There has been a lot of awareness about eco-friendly products lately. Be it regular use bags or water bottles, many have chosen to use products that can be recycled and don’t cause any harm to the environment. Going another step ahead is the textile industry trying its way to promote eco-friendly clothing. One among them is Dipti Mrinalini, a designer and a label.
Indian fabrics being her forte, Dipti looks forward to encouraging handloom fabrics to make unusual outfits.
“Since I was growing up, I would go around places and pickup a lot of handlooms. Also, I’ve seen my mother and the rest of my family wear mostly handwoven cottons. So, it created a base for me. Also, I picked it up while I was working on livelihood projects, I grew particular that I should use something that had a hand-made element as it is the second largest livelihood provider in India and it deserves to be nurtured,” shares Dipti.
“I wanted to give it a form that wasn’t thought of being boring. If you think of a handloom sari, you can only think of a much older person. But, we have now transformed these handlooms into silhouettes that are global, but the source is very local,” she adds.
Talking about sustainable fashion, Dipti shares her techniques of bringing eco-friendly fashion to people. “We are working towards environment-friendly dyes sourced from nature. Our first priority always was to pickup from local small-scale weavers. We are also working towards organic cotton. However, we also don’t throw out the remaining fabric waste and create products out of them.”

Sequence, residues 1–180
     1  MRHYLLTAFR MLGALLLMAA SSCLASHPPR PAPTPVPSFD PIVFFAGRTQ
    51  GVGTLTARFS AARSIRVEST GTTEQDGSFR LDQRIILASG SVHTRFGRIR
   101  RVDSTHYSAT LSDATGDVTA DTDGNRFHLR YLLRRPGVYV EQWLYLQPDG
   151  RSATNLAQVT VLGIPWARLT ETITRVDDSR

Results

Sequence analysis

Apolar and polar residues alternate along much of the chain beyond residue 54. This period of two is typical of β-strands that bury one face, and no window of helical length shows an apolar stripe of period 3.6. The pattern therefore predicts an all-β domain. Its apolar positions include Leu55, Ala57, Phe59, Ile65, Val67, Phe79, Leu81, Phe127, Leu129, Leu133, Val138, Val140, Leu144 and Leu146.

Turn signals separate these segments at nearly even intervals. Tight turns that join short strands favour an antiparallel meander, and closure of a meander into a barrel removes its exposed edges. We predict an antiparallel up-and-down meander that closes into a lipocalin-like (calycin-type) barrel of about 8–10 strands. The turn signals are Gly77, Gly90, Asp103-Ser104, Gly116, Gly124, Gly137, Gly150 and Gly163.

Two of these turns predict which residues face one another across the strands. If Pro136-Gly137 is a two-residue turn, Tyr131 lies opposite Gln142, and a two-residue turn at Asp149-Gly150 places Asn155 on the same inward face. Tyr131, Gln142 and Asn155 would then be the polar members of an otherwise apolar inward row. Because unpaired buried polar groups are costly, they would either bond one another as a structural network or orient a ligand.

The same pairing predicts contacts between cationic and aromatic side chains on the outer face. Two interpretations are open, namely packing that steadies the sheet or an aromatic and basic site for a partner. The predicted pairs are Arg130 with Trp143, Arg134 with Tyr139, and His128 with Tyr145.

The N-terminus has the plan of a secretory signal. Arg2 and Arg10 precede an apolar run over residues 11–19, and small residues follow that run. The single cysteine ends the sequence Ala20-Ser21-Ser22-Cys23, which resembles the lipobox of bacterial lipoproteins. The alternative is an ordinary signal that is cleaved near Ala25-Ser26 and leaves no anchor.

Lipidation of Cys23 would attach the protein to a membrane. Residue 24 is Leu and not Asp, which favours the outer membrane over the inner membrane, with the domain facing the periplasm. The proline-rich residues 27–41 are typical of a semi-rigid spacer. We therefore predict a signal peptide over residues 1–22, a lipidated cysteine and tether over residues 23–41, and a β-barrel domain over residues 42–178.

Dipti and her team predominantly use cotton fabrics and avoid using polyester, nylon, etc. Also, they plan to avoid silk in the coming future to be part of cruelty-free fashion. Apart from that, they use natural buttons like a shell, a cork or a piece of wood.
“We are looking at samples of local varieties of cotton and organic cotton that are naturally coloured. Also, there is a lot of innovation happening with new yarns like banana cotton fibre (fibre that has been removed from banana plant and made into fabric), organic cotton blended with aloe vera, milk protein, rose petals, pineapple, mushroom coming in the market,” shares Dipti.
The designer specialises predominantly in western garments for both women and men with sustainable sizing. She also does a bit of fusion work on order basis.
Talking about styling existing garments in the wardrobe, the designer says, “From my particular line, there are these dresses like wrap tops, wrap dresses and tunics that should be in anybody’s wardrobe as they are versatile and can match with any outfit. You could also just wear a jacket on top for a rugged look. Also, accessorising with belts, scarves and jewellery can make any dress look good.”